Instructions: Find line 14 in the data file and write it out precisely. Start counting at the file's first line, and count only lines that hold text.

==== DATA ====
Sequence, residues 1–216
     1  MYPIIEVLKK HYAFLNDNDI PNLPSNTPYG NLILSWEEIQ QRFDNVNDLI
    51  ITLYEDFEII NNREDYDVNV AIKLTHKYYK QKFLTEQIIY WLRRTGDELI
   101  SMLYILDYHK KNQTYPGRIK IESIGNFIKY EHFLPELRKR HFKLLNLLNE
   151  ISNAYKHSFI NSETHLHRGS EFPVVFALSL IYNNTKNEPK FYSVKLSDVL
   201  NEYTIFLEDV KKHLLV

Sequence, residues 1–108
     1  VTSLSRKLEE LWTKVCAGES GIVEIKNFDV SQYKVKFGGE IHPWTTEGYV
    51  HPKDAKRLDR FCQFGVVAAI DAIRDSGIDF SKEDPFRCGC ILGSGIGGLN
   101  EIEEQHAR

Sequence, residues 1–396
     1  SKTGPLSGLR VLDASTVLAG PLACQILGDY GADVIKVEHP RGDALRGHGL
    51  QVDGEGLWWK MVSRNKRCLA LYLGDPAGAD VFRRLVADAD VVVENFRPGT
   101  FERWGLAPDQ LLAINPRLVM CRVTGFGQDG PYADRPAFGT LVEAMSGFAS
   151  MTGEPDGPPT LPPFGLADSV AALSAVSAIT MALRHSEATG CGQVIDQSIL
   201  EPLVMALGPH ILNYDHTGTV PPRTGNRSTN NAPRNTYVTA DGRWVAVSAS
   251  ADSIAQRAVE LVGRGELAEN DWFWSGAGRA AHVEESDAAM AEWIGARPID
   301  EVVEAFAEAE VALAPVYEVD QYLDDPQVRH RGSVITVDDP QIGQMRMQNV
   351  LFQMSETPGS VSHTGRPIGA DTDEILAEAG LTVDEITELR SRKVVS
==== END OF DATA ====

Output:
   101  FERWGLAPDQ LLAINPRLVM CRVTGFGQDG PYADRPAFGT LVEAMSGFAS